Even when practices adopt electronic health records, it's not uncommon for physicians to devise workarounds that allow them to cling to paper-based processes. A study from the U.S. Department of Veterans Affairs, published in the July 2011 issue of the International Journal of Medical Informatics, reveals good and bad news about this phenomenon.
For the study, researchers examined how such workarounds affect communication between primary care and specialists regarding consultations. The researchers included Jason Saleem, PhD, of the Health Services Research and Development Center on Implementing Evidence-Based Practice at the Richard L. Roudebush VA Medical Center in Indianapolis and his colleagues.
Among the 11 categories of workarounds identified in "Paper Persistence, Workarounds, and Communication Breakdowns in Computerized Consultation Management," researchers found some of them to be problematic. For example, the common habit among specialists to write findings on a piece of paper "carried the risk that medical orders would not be entered into the electronic health record, potentially creating gaps in documentation or, if entered, producing unverified medical orders put in by someone other than the ordering provider," Saleem wrote.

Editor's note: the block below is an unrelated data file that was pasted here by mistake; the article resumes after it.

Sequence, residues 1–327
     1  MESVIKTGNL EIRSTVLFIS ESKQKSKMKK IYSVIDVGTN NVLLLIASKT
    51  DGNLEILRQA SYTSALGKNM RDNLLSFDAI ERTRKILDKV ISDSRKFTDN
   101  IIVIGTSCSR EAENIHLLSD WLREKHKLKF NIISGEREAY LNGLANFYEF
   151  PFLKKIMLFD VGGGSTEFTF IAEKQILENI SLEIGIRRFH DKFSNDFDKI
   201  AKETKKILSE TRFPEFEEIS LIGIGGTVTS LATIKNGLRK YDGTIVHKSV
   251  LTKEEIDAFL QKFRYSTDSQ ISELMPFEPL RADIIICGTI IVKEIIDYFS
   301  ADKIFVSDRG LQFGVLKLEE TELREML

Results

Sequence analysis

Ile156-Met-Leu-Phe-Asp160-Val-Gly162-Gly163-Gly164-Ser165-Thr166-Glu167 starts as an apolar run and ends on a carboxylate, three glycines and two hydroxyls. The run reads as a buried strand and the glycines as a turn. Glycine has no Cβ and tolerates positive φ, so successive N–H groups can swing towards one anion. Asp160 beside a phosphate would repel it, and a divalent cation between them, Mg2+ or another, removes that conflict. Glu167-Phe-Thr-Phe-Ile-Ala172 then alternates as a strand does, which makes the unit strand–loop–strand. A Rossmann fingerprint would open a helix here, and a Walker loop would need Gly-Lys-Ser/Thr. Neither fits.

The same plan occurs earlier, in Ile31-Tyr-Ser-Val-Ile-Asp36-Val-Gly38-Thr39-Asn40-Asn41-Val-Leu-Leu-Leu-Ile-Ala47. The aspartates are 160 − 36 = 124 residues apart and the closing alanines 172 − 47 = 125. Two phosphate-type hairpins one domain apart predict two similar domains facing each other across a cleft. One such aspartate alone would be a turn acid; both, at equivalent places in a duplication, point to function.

On the other hand, the research also revealed that physicians tended to create 'shadow processes' to support work for which they felt the computerized system was inadequate, such as by creating spreadsheets outside the EHR to give specialists more flexibility and functionality for tracking pending consults.
This deeper understanding of why physicians actively seek to thwart EHR systems, the authors concluded, will in the long run give designers valuable ideas as to how to enhance the efficiency and eliminate work-flow problems with their products.